Restore-L Robotic Refueling
To Revitalize One & Done Spacecraft
NASA’s Restore-L mission, part of Technology Demonstration Missions Program, is an ambitious, technology-rich endeavor to launch a robotic spacecraft to refuel a live satellite in 2020.
Mass constraints are usually a limiting factor for fuel accommodations for spacecraft. Transmitters also trend as being another limiting factor in the life of a spacecraft, but despite these limiting factors, most US built spacecraft exceed the design life due to the United States capability to build sophisticated electronics that withstand radiation environments well beyond expected life spans.
To take advantage of this capability and to address some limiting factors due to mass and transmitter limitations, NASA proposed a robotic mission to exploit the avionics design life margins by embarking on a robotics mission to restore or replace limiting fuel capacities or transmitter failures. Restore-L is a robotic spacecraft equipped with the tools, technologies, and techniques needed to refuel and re-insert the satellite into optimal orbit for extended operations.
The mission — the first of its kind in low-Earth orbit — will demonstrate a carefully curated suite of satellite-servicing technologies. These encompass on-orbit solutions for autonomous, on-orbit satellite rendezvous and grasping, with telerobotic-enabled refueling and satellite repositioning.
This is a gateway to the future work that will be required of robotic missions on the moon and on-orbit operations as well. “It introduces new ways to robotically manage, upgrade and prolong the lifespans of our costly orbiting national assets,” observed Frank Cepollina, associate director of Goddard’s Satellite Servicing Capabilities Office, and former leader of the shuttle servicing missions to Hubble Space Telescope “By doing so, Restore-L opens up expanded options for more resilient, efficient and cost-effective operations in space.” This could even dramatically reduce or eliminate the need for human crews servicing flights from Earth. NASA hopes that this, in turn, would jump-start commercial concepts to refuel and repair satellites.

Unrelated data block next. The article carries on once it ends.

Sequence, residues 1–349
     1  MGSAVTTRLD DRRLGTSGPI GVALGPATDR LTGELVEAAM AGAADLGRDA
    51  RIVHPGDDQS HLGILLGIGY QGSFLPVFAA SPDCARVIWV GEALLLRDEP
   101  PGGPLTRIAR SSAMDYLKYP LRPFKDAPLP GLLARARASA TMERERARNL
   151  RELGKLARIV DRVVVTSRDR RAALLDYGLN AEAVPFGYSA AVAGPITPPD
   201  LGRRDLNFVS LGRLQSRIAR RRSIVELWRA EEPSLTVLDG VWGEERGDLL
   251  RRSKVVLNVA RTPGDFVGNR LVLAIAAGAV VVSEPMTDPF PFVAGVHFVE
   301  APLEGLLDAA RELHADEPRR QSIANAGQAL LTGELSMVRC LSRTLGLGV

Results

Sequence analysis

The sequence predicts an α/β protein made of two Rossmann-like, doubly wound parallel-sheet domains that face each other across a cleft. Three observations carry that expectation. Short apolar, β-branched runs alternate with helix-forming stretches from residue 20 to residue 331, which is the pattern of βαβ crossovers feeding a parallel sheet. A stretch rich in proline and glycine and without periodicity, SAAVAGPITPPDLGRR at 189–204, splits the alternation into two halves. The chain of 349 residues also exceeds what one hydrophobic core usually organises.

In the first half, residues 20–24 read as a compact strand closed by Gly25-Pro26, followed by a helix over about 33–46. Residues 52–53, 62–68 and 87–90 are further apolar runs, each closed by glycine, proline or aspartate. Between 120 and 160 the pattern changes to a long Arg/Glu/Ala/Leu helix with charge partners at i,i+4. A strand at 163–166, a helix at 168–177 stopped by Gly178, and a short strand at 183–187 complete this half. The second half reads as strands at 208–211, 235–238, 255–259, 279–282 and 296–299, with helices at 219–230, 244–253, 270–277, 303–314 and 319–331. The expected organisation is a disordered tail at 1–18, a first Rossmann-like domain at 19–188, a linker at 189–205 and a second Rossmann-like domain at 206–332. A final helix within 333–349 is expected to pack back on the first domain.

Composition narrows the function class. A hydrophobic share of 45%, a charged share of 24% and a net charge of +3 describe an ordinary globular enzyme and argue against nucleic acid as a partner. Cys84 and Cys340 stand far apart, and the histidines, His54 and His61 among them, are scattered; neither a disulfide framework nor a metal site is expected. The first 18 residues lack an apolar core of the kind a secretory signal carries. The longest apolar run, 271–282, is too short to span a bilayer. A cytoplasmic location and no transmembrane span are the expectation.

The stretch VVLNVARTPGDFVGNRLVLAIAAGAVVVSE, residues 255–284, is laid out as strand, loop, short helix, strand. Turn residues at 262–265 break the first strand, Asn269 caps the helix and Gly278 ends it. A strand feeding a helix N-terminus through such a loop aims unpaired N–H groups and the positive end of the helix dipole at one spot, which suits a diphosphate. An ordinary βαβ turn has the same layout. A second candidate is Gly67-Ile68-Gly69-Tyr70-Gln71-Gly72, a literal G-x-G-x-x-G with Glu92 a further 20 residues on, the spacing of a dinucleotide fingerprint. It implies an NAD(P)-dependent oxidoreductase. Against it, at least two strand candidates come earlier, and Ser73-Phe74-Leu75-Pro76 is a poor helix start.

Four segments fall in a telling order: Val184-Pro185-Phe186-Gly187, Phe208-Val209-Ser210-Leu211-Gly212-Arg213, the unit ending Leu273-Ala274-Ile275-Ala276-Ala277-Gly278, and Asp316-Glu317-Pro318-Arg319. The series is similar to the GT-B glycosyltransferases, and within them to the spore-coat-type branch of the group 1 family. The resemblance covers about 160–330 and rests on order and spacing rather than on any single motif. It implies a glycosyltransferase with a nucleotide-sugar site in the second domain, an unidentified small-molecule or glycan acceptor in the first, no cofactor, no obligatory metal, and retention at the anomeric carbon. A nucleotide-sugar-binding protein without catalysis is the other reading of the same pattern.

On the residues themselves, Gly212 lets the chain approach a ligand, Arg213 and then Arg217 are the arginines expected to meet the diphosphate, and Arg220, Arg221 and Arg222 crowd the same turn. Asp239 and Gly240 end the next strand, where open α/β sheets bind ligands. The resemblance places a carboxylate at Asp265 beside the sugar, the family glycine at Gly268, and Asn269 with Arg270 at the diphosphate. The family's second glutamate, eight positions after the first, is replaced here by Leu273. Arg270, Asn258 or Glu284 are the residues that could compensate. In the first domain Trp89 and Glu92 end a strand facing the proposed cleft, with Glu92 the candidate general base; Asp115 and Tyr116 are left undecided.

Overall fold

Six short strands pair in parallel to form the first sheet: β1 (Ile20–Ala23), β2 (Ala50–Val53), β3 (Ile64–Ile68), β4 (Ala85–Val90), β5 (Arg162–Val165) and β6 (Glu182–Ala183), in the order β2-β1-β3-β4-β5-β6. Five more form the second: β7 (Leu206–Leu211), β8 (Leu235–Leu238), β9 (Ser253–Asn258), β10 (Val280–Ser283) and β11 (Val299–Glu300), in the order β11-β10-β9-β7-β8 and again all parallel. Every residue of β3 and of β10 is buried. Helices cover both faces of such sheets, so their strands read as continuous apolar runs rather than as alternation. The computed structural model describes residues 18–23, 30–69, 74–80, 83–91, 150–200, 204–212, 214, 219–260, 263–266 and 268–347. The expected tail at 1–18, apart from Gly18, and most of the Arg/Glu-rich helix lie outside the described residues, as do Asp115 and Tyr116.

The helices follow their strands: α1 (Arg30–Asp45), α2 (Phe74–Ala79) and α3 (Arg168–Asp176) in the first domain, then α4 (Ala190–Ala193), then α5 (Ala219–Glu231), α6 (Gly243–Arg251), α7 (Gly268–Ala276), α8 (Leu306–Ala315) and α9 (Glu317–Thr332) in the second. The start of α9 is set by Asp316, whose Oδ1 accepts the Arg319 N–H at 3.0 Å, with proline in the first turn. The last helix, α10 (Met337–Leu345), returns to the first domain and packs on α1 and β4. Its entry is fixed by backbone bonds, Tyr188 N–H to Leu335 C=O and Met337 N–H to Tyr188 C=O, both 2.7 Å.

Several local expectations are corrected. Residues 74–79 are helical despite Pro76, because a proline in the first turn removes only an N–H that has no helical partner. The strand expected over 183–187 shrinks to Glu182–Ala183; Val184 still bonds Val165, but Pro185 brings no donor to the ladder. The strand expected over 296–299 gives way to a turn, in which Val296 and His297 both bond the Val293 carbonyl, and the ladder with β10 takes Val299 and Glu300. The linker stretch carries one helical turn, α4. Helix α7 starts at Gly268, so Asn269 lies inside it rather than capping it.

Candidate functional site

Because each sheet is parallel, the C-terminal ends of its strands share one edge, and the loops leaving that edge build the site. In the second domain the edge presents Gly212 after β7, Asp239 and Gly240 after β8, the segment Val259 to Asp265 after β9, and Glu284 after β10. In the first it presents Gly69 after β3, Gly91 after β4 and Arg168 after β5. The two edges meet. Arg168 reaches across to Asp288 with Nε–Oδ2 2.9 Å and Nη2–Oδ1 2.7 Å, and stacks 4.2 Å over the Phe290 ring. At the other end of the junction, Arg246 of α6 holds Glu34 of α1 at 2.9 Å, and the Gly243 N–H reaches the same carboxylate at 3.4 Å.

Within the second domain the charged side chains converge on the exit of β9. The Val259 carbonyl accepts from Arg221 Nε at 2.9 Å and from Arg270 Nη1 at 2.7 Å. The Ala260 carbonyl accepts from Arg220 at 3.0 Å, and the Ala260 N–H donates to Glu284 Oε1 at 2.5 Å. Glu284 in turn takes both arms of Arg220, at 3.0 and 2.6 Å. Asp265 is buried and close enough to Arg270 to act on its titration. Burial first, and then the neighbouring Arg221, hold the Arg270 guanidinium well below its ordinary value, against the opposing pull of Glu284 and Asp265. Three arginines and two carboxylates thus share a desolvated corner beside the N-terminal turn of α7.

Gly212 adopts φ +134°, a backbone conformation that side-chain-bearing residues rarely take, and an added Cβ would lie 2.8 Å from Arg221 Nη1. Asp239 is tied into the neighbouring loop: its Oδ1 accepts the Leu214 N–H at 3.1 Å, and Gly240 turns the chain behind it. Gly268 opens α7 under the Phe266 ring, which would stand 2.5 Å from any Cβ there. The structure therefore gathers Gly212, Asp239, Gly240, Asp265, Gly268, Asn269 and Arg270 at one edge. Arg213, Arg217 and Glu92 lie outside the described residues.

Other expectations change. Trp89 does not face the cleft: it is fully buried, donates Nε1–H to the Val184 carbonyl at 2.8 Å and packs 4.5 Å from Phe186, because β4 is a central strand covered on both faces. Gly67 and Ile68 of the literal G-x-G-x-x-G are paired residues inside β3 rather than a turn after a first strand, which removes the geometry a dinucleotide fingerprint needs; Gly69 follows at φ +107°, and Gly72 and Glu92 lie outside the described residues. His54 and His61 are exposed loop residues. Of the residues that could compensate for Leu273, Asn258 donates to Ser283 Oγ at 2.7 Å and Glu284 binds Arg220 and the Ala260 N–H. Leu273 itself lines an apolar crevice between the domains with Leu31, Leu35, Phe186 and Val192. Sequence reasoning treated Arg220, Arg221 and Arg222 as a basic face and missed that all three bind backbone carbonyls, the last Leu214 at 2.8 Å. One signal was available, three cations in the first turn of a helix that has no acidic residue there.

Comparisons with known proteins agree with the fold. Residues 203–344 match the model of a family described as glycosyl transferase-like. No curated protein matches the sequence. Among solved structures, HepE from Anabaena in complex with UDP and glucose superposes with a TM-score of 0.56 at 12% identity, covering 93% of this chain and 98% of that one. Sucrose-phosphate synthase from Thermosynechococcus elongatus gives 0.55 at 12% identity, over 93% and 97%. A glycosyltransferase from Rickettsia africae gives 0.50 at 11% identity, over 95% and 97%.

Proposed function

According to the Index of Objects Launched into Outer Space, maintained by the United Nations Office for Outer Space Affairs (UNOOSA), there were 4,987 satellites orbiting the planet at the start of 2019; an increase of 2.68% compared to end of April 2018. Currently, 1,957 of these satellites in orbit are active. Among NASA’s post-launch consideration are to transfer the hands-on experience from the Restore-L mission to U.S. companies in hopes of fostering the creation of commercial satellite servicing businesses.
“We are proud to be part of this historic project and look forward to many fruitful partnerships with NASA in the future” says Terri Miller CEO of MERC Aerospace.
As part of the tasking with Goddard, MERC Aerospace will be providing the following technical to the Restore-L project team.
- Solid Modeling of the chassis design
- Box level Stress analysis (using FEMAP AND NASTRAN NX)
- Board Level Stress analysis (using FEMAP AND NASTRAN NX)
- Board Level Thermal Analysis (using Harley Thermal)
- Detailed Machine Drawings
For more information contact MERC Aerospace at: firstname.lastname@example.org.